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A conversation with Tania Miller

Portrait of Conductor Tania Miller © Todd Rosenberg Photography 2018
© Todd Rosenberg Photography
Todd Rosenberg Photography
Conductor Tania Miller leads the VSO on Saturday March 26, 202

Tania Miller is the Vermont Symphony Orchestra's third music director candidate, as the VSO seeks to replace longtime director Jamie Laredo, who retired last year. She conducts the VSO on March 26, 2022.

Helen Lyons
Last year, the Vermont Symphony Orchestra's longtime music director. Jamie Laredo stepped down after a two-decade tenure with the orchestra. Since October, the VSO has invited several candidates to Vermont to meet with the orchestra and the audience, as well as conduct concerts throughout the season.

The third conductor candidate, Tania Miller, will be leading the orchestra's March 26th concert at the Flynn Center in Burlington. I had a chance to chat with Tania over Zoom. We talked about the upcoming concert, the future of the VSO, and Tania's thoughts on leadership and performance, and the origins of her passion for music and conducting.

Tania Miller
I grew up in a very small town of 1000 people. And my talents for music were something that the entire community needed. And so I threw myself into whatever endeavors the community needed. I started to discover that I loved conducting, feeling the energy of collecting all of the music-making within the musicians themselves, and helping all of us together to create something that was a unified musical force.

You write extensively about music, and in your writing, you talk about how being a conductor puts you in the unique position of being both a performer as well as a leader. Can you speak about your discoveries there?

When I consider what leadership is as a conductor, it is a balancing point between letting the music unveil itself or transform itself through a collective endeavor, allowing all of the forces to reach their best potential.

You also have an interest in neuroscience and the psychology of performing and creating music. Can you tell us about your thoughts and experiences in that regard?

I find performance of music to be fascinating in how it asks of us as performers to use so many aspects of our intelligence, all at once. After all of that hard work, somehow we are expected to let it all go and be inside the music, let the music speak of itself, trust yourself. This is why I think music is so incredibly important for young people. The ability to focus in on something that is flying by us in real time, and our brains need to react. And the only way to do it is to be inside that moment. It's an incredible lesson for kids to feel the power of their own intelligence by playing music, to connect that with their emotion, with their feeling, with their humanity.

What would your vision for the VSO be? And how would you foster a connection with the Vermont audiences?

I want to understand what will inspire this community in the greatest possible way. I want to understand the needs of the orchestra. I would be focusing on youth. It is so incredibly important to understand a community and to make sure that the music that is within this community is something that is bringing people together, is available to every citizen in the community. And when we are sharing an experience of music, we are united in that one moment.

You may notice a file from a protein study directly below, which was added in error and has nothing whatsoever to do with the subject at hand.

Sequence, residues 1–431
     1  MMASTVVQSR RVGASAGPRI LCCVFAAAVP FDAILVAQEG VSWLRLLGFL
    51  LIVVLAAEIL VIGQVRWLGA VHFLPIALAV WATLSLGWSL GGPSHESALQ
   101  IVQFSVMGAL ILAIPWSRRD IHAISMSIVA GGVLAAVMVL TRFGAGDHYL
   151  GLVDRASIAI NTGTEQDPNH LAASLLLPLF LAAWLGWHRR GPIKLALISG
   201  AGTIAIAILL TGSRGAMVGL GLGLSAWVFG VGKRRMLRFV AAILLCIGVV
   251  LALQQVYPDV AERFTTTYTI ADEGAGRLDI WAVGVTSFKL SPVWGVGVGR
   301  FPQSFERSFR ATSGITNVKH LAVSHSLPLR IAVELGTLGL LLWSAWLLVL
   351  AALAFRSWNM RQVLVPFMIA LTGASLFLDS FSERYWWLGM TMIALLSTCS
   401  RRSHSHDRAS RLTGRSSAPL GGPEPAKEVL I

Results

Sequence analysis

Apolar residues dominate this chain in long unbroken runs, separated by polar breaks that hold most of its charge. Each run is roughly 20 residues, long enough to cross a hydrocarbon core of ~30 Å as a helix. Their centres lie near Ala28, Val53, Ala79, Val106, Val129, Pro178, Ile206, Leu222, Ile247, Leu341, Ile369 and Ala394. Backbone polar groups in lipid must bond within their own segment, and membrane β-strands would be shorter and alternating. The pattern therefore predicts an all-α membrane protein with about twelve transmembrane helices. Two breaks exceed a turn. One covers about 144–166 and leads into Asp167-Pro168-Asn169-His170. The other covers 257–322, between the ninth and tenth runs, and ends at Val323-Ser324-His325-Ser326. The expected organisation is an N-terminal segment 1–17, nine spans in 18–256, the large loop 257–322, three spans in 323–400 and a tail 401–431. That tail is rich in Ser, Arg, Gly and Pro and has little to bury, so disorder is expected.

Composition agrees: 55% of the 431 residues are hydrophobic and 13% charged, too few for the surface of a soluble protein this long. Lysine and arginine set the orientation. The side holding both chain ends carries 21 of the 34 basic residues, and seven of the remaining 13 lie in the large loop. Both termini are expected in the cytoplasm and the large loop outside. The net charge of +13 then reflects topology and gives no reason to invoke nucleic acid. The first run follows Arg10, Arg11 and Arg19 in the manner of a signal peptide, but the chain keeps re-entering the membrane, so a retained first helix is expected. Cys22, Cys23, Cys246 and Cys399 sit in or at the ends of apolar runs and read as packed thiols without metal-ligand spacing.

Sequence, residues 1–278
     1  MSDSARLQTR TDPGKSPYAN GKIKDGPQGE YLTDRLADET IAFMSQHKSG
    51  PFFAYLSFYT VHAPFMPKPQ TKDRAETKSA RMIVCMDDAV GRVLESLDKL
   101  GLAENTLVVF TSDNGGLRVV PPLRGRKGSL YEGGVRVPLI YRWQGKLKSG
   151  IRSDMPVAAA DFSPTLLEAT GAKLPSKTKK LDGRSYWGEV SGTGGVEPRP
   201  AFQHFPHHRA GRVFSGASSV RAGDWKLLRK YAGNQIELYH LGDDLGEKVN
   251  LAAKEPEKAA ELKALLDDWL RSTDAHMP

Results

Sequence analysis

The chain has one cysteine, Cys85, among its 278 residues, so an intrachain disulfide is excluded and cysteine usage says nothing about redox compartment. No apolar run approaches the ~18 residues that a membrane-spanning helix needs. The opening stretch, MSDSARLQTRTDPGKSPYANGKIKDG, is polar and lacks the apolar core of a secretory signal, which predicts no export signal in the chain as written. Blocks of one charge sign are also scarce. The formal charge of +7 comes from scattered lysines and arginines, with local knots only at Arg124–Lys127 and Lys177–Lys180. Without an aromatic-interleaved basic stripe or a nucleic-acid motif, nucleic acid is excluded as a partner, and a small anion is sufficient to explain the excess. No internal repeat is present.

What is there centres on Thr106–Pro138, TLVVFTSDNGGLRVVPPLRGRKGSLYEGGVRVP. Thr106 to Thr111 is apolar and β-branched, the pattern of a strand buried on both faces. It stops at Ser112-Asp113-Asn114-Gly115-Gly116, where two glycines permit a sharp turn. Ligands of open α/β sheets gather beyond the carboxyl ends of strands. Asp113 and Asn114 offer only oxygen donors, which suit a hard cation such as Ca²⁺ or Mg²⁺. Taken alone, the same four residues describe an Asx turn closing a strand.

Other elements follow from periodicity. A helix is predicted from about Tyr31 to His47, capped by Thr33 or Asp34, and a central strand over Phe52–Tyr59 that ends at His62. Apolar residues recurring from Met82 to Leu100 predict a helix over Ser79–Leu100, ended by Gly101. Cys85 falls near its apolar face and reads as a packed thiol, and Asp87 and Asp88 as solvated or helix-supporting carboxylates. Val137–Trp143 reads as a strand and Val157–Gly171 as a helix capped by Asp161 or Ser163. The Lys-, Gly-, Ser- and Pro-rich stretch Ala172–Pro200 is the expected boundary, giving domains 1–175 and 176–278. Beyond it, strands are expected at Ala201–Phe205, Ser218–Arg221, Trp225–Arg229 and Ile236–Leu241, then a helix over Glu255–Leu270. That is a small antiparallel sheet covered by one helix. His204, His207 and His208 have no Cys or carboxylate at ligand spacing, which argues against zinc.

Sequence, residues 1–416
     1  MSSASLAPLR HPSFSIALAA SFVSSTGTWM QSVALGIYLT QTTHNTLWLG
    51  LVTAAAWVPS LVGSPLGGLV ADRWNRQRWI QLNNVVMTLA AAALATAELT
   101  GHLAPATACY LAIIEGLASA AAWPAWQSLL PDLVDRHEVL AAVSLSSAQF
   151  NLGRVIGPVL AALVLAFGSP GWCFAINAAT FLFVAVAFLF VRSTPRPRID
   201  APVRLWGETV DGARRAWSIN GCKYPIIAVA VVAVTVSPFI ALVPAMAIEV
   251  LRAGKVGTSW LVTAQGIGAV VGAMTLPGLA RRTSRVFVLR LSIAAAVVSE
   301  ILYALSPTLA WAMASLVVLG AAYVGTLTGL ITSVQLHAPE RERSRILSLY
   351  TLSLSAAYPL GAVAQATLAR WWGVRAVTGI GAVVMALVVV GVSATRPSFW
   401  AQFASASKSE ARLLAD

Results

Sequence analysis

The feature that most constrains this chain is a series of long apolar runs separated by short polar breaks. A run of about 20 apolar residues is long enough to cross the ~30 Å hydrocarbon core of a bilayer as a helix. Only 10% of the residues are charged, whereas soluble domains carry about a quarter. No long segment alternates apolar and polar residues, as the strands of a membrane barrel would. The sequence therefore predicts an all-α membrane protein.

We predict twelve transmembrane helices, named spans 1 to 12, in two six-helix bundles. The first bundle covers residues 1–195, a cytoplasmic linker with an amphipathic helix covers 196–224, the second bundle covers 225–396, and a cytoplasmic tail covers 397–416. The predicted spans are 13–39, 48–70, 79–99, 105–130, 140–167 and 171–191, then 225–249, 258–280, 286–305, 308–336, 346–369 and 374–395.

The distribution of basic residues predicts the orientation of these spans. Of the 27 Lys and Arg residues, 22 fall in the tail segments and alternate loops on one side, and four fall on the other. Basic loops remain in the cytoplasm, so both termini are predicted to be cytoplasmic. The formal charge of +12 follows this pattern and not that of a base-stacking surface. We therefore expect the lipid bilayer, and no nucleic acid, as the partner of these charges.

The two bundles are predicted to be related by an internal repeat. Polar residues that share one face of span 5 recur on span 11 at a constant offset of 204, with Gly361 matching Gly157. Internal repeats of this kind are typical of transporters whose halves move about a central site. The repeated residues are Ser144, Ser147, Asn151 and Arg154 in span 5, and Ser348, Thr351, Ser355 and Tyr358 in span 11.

Tell us about the concert on March 26th. What can the audience expect? What makes you passionate about the music you've chosen?

I'm really excited about the program. We're opening with a fanfare by a Sri Lankan composer named Dinuk Wijeratne. His music is sparkling and full of life. It's called “Yatra,” and it means a spiritual journey. And he speaks about it being a celebration of the diversity of people. The Rachmaninoff Piano Concerto No. 3 is an inspiring work. It was Rachmaninoff’s own favorite work to perform. I'm so excited to be working with Steven Hough. He is an extraordinary, internationally renowned performer and such an incredible mind as well. He's a writer, he's a thinker and he's someone I'm so excited to meet and work with. For me, Sibelius’s Symphony No. 1 is a personal, important, and favorite piece. There is this spaciousness to Sibelius that reminds us of nature. There is a sense of questioning that we have as a human being within a vast universe, that we are one small part of something that is much greater than ourselves. He takes us through all sorts of chaos and, and turbulence and things that aren't actually beautiful. And then he harmonizes them in surprising ways.

Tania Miller, thank you so much for spending time with me and our listeners on VPR Classical. I look forward to meeting you on the 26th of March.

It's great to talk to you. I look forward to being with you on stage for the pre-concert chat. And it's great talking to you and your audiences today.

That was Tania Miller, the Vermont Symphony Orchestra's third music director candidate. Tania is conducting the VSO in concert at 7:30pm on Saturday, March 26th at the Flynn center for the arts in Burlington. You can find out more about the concert at and get to know Tania at her website,

Helen Lyons serves as the Music Manager and host of Vermont Public Classical’s Monday-Saturday morning program. She grew up in Williston, Vermont, and holds a BA in Music from Wellesley College and Artist Diplomas from the Royal Academy of Music in London, and College-Conservatory of Music at the University of Cincinnati. She has enjoyed an international singing career spanning three continents, performing in Europe, China, The Philippines and the USA.
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